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Netflix overachieves on subscriber growth as competition begins to bite in US

Netflix has reported a strong end to 2019, adding 8.8 million paying subscribers, well ahead of its forecast of 7.6 million. However, in a sign that the competitive landscape is changing, the vast bulk of its net adds came from its international operations, particularly EMEA, with the US subscriber base growing by only 420,000 compared with 1.75 million for the same period a year ago.

Netflix has forecast a relatively modest seven million net adds for Q1, below the 9.6 million added in the same period last year.

While profitability has improved – the streamer posted adjusted EBITDA of US$586 million in Q4 – observers remain concerned about the company’s cashflow as it invests more in content to stay ahead of a growing roster of rival platforms. Netflix posted negative free cashflow of US$1.67billion for Q4, compared with negative US$1.315 billion for the same period last year.

In his letter to investors, CEO Reed Hastings attributed the lower US growth to “our recent price changes and to US competitive launches”, with “a more muted impact” from those launches in international territories.

Hastings said that, despite the launch of Apple TV+ and Disney+, viewing of Netflix content per membership grew both globally and in the US on a year-on-year basis, with new offering The Witchertracking to be the streamer’s “biggest season one TV series ever”.

Speaking on Netflix’s earnings call with investors, Hastings said that Disney+ would “be a global service quite quickly” along with “many other” offerings, but added that Netflix competed “very broadly for viewing” with YouTube as well as linear TV. He said that the service was continuing to grow as consumers turned away from linear TV in particular “because our content is getting better [and] our service is getting better”.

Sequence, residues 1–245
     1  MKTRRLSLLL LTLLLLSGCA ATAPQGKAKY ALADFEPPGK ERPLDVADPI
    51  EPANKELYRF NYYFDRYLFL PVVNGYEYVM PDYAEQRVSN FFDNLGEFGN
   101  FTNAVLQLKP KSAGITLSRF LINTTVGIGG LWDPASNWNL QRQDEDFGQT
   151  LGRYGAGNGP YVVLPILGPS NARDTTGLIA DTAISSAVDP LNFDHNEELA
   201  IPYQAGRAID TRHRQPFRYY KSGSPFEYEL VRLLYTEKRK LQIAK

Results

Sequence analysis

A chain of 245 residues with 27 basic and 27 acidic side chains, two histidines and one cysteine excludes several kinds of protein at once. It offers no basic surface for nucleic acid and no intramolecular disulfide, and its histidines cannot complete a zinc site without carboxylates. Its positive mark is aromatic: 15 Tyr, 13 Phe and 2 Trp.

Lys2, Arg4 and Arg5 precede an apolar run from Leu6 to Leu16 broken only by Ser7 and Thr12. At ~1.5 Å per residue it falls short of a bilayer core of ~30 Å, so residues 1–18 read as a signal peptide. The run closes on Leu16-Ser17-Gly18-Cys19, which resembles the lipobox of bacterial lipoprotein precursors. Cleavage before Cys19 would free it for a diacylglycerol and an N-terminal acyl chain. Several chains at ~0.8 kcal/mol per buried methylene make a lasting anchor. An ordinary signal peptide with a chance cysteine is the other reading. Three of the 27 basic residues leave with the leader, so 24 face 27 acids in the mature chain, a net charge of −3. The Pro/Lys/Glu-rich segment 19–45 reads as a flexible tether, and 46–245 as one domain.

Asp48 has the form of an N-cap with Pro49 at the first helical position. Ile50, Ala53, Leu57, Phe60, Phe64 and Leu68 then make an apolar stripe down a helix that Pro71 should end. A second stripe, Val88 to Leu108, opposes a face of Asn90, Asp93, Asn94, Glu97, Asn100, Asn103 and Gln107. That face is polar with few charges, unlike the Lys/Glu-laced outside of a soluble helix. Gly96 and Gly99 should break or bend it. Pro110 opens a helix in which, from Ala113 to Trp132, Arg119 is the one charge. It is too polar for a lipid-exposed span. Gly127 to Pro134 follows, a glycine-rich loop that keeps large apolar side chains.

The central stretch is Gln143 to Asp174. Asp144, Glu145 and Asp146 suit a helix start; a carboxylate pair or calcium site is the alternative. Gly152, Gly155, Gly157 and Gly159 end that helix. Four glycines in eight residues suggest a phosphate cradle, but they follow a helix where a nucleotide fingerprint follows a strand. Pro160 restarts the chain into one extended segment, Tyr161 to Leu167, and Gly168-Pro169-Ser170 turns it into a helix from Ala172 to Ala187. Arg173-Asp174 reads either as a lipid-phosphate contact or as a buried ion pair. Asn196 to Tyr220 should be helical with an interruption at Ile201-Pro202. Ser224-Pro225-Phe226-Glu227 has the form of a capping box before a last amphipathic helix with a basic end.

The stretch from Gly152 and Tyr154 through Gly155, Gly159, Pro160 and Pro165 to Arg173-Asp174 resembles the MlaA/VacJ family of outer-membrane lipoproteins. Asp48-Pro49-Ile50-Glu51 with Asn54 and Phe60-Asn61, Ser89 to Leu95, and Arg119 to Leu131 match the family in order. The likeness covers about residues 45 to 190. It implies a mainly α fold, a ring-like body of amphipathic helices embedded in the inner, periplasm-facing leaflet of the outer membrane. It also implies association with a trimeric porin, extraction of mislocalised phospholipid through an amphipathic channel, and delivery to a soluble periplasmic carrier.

On Netflix’s continue heavy investment in new content, Hastings said that the SVOD service’s “diversity and quality” of programming was “driving member satisfaction” and thus contributing to it meeting its financial targets, with revenue growing by 30% this year – Q4 revenue was US$5.467 billion–  and operating profit rising to US$2.6 billion. He added that Netflix is “delivering on our cashflow objectives”, with a forecast that cashflow will move from negative US$3.3 billion in 2019 to negative US$2.5 billion for 2020.

Hastings again dismissed the idea that Netflix could turn to advertising to fuel revenue growth, arguing that it would be “quite challenging” to compete with the likes of Amazon, Google and Facebook in the advertising business.

Netflix invested just under US$10 billion in content in 2019, up 20%, and CFO Spencer Neumann said that it would continue to invest in content at “those types of levels” this year as it focuses more on more on originals rather than licensed content.

Analysts received the latest results positively, although there is continued concern about Netflix’s cashflow.

“This was a good end to a rollercoaster year. It had a record first quarter in 2019 in terms of net additions and then missed out on its own targets for the next two quarters. The road ahead will get bumpy for sure. Worryingly, the company is burning through a lot of cash. It needs to recoup this by adding customers more quickly, increasing prices or taking on more debt. Therefore, expect price rises in all key markets during 2020,” said Paolo Pescatore, tech, media and telco analyst at PP Foresight.

“There’s a fine juggling act in raising revenue through price increases versus retaining subscribers. This could backfire as many of the new and forthcoming video streaming services are cheaper than Netflix. This makes Netflix vulnerable in its home market where it stands to lose out, quite considerably as underlined by these latest results.”

Pescatore said that despite the more intense competition in the US market in particular, Netflix “remains in pole position” and should be able to weather the storm in the short-term.